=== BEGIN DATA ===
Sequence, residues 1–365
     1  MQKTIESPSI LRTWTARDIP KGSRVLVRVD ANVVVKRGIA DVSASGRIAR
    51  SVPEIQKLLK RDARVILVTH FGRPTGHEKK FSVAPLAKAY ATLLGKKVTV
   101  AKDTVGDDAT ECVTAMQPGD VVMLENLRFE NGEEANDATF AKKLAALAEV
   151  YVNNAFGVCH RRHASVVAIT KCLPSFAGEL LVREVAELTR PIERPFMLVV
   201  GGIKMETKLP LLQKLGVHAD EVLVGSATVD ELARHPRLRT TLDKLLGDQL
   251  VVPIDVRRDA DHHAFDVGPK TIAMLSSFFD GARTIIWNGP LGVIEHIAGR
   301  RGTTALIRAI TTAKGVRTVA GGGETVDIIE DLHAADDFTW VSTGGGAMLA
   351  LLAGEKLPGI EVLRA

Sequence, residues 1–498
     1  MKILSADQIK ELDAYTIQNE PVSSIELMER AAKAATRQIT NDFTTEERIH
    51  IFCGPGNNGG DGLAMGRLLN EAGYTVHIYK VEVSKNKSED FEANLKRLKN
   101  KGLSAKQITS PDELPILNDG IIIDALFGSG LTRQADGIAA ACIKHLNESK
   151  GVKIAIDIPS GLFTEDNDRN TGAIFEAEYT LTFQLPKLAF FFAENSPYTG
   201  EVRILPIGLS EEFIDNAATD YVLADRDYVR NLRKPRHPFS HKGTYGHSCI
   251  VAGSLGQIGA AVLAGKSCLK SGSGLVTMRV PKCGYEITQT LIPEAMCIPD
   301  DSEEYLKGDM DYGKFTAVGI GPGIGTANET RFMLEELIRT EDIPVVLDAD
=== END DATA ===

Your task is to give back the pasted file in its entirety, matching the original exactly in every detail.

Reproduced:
Sequence, residues 1–365
     1  MQKTIESPSI LRTWTARDIP KGSRVLVRVD ANVVVKRGIA DVSASGRIAR
    51  SVPEIQKLLK RDARVILVTH FGRPTGHEKK FSVAPLAKAY ATLLGKKVTV
   101  AKDTVGDDAT ECVTAMQPGD VVMLENLRFE NGEEANDATF AKKLAALAEV
   151  YVNNAFGVCH RRHASVVAIT KCLPSFAGEL LVREVAELTR PIERPFMLVV
   201  GGIKMETKLP LLQKLGVHAD EVLVGSATVD ELARHPRLRT TLDKLLGDQL
   251  VVPIDVRRDA DHHAFDVGPK TIAMLSSFFD GARTIIWNGP LGVIEHIAGR
   301  RGTTALIRAI TTAKGVRTVA GGGETVDIIE DLHAADDFTW VSTGGGAMLA
   351  LLAGEKLPGI EVLRA

Sequence, residues 1–498
     1  MKILSADQIK ELDAYTIQNE PVSSIELMER AAKAATRQIT NDFTTEERIH
    51  IFCGPGNNGG DGLAMGRLLN EAGYTVHIYK VEVSKNKSED FEANLKRLKN
   101  KGLSAKQITS PDELPILNDG IIIDALFGSG LTRQADGIAA ACIKHLNESK
   151  GVKIAIDIPS GLFTEDNDRN TGAIFEAEYT LTFQLPKLAF FFAENSPYTG
   201  EVRILPIGLS EEFIDNAATD YVLADRDYVR NLRKPRHPFS HKGTYGHSCI
   251  VAGSLGQIGA AVLAGKSCLK SGSGLVTMRV PKCGYEITQT LIPEAMCIPD
   301  DSEEYLKGDM DYGKFTAVGI GPGIGTANET RFMLEELIRT EDIPVVLDAD